It's a very common fact that nobody likes to write documentation. Heck, nobody likes to read it either. But there are times when we have to read it in order to, say, finish the project on time, or, especially when working in software development, even write it. If you only have to read it, we always encouraged you to do so, but if you'll have to write the manual pages and need a kickstart, here's the article for you. If you worked previously with HTML your life will be easier, but if not it's alright. Writing manual pages for Linux is not that hard, despite the look of the pages when read in plain-text. So basically you'll need some Linux knowledge and the ability to use a text editor. You will learn (with examples, of course) the main concepts in text formatting as applied to man pages and how to write a simple manual page. Since we used yest as an example for our C development tutorial, we will use snippets from its manual page to illustrate our point during this article.
The first manual packages written are said to be authored by Dennis Ritchie and Ken Thompson in 1971. The formatting software used was troff, and that format continues to be used to this day, although the tools may be different. The text formatting tool on Linux systems is now groff, with the leading 'g' coming from GNU. groff's existence is owed to the fact that when troff was written, terminals meant something different in terms of capabilities than what they mean today. Another strong incentive for the GNU project to create groff was troff's proprietary license. troff still lives on on other Unix systems, like OpenSolaris or Plan9, although under open source licenses.Read more ...
/etc/issuefile. From terminal run command:
$ cat /etc/issue Ubuntu Xenial Xerus \n \lTo obtain a Ubuntu release number check content of
$ cat /etc/lsb-release DISTRIB_ID=Ubuntu DISTRIB_RELEASE=16.04 DISTRIB_CODENAME=xenial DISTRIB_DESCRIPTION="Ubuntu Xenial XerusRead more ...
systemctlcommand to restart network service:
$ sudo systemctl restart NetworkManager.serviceNext command
servicewill restart a relevant networking System V init script:
$ sudo service network-manager restartRead more ...
apt-getcommand to fetch steam installed directly from Ubuntu's multiverse repository:
$ sudo add-apt-repository multiverse $ sudo apt-get install steamRead more ...
$ lshw -numeric -C display or $ lspci -vnn | grep VGAThe above commands will output your NVIDIA model number. For example:
$ lspci -vnn | grep VGA 01:00.0 VGA compatible controller : NVIDIA Corporation GK104 [GeForce GTX 680] [10de:1180] (rev a1) (prog-if 00 [VGA controller])Read more ...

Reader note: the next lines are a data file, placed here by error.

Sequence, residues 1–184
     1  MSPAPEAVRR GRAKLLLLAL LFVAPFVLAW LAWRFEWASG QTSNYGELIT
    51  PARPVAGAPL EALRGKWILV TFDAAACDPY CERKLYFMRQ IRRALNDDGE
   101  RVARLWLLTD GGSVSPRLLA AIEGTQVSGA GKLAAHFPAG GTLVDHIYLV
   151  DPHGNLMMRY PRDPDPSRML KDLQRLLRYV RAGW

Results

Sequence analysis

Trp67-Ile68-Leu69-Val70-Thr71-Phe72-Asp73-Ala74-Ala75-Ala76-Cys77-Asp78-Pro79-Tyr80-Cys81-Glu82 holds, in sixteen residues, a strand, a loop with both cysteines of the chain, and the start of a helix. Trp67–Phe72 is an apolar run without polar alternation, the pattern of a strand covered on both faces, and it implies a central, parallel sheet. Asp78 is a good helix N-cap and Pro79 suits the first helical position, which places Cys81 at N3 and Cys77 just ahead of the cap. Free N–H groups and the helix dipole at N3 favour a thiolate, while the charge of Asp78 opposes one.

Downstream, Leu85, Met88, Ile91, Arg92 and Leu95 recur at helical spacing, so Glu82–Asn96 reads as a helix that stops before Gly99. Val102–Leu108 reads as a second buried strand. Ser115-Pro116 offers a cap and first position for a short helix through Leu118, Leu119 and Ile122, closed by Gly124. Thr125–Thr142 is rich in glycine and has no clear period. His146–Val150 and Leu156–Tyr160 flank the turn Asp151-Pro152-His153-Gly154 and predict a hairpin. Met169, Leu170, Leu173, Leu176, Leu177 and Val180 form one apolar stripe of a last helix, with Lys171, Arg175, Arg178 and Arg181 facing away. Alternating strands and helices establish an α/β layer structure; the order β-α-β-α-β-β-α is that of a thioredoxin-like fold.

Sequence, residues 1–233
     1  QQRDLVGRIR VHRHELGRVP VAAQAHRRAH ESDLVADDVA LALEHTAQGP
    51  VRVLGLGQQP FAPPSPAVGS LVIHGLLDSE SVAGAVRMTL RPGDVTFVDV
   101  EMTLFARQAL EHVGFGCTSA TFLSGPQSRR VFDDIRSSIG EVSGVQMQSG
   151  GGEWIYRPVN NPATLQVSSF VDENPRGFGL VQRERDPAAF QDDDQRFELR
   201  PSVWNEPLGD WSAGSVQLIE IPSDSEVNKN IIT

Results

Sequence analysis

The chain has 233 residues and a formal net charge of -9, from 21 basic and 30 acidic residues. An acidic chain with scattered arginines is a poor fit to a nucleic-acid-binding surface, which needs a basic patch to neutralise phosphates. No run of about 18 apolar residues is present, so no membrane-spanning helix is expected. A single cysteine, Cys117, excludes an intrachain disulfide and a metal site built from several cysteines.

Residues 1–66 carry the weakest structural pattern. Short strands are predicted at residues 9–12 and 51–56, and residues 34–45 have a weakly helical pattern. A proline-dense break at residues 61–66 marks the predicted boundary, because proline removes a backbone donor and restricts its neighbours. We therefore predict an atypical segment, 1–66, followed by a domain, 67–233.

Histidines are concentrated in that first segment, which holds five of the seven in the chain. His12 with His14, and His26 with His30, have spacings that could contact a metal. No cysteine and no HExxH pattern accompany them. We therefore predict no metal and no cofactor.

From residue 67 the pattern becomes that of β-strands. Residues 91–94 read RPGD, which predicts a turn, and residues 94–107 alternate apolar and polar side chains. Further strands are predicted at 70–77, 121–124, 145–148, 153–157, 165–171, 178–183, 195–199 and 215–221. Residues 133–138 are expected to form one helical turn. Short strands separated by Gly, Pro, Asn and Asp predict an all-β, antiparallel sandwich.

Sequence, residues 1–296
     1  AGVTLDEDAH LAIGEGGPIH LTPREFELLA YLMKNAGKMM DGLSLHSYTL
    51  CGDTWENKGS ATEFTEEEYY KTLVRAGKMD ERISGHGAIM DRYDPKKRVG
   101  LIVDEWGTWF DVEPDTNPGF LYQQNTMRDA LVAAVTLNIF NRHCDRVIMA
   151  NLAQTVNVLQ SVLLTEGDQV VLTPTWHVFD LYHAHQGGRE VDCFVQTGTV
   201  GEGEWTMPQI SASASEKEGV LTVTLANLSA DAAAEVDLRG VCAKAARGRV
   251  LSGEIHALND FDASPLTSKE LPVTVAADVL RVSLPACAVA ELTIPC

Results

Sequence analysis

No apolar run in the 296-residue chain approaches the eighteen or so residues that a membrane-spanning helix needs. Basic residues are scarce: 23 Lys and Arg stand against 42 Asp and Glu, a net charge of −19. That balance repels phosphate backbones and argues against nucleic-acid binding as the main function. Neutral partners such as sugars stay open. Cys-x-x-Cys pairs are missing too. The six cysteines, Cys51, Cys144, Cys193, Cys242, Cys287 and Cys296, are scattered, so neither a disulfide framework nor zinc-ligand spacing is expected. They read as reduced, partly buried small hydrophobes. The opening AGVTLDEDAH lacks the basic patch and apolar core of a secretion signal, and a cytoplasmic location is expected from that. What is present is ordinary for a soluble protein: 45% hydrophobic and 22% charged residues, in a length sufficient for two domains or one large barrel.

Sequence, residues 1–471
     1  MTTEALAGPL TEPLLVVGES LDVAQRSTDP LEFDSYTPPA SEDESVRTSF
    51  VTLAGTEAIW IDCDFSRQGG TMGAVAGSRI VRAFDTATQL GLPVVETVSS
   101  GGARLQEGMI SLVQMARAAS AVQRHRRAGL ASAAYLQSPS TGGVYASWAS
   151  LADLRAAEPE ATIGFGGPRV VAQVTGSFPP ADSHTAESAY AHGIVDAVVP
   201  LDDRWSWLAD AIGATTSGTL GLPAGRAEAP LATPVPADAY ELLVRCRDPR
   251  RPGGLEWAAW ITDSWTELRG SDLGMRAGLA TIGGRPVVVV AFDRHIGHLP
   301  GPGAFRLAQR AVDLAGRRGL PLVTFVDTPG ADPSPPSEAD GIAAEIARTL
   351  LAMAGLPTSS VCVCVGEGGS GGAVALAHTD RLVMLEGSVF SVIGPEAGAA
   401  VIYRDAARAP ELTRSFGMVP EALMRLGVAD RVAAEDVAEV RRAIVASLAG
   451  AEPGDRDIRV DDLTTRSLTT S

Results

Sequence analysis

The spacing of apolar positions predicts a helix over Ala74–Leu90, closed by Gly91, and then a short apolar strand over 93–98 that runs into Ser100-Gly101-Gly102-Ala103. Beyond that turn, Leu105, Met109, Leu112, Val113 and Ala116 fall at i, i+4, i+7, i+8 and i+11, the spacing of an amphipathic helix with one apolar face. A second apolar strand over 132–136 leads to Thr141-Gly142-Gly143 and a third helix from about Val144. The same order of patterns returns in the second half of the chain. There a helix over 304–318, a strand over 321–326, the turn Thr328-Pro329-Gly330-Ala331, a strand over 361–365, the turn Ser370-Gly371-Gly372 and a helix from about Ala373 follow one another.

If your Redhat server is not connected to the official RHN repositories, you will need to configure your own private repository which you can later use to install packages. The procedure of creating a Redhat repository is quite simple task. In this article we will show you how to create a local file Redhat repository as well as remote HTTP repository.
After default installation and without registering your server to official RHN repositories your are left without any chance to install new packages from redhat repository as your repository list will show 0 entries:
# yum repolistRead more ...
Loaded plugins: product-id, refresh-packagekit, security, subscription-manager
This system is not registered to Red Hat Subscription Management. You can use subscription-manager to register.
OpenSSL is a powerful cryptography toolkit. Many of us have already used OpenSSL for creating RSA Private Keys or CSR (Certificate Signing Request). However, did you know that you can use OpenSSL to benchmark your computer speed or that you can also encrypt files or messages? This article will provide you with some simple to follow tips on how to encrypt messages and files using OpenSSL.
First we can start by encrypting simple messages. The following command will encrypt a message "Welcome to LinuxCareer.com" using Base64 Encoding:
$ echo "Welcome to LinuxCareer.com" | openssl enc -base64
The output of the above command is an encrypted string containing encoded message "Welcome to LinuxCareer.com". To decrypt encoded string back to its original message we need to reverse the order and attach -d option for decryption:Read more ...
CGI ( Common gateway Interface ) is an interface between Web client and the web server that runs your CGI script/program. CGI is a quite old and was largely superseded by different programing languages such as PHP, etc. However, it still can find its place in Linux system administrator's hands as a quick tool for system monitoring and administration via web browser. This article describes in step-by-step manner how to run basic CGI scripts with various programming languages and scripts using Apache web server on Ubuntu Linux.
First we need to install apache web server. This is a fairly simple task and can be achieved with the apt-get command:
$ sudo apt-get install apache2
The above command will install Apache 2 web server with a default site located at: /etc/apache2/sites-available/default. When you open this default configuration site you will see that it is configured to run CGI scripts from /usr/lib/cgi-bin directory with URL alias /cgi-bin/:Read more ...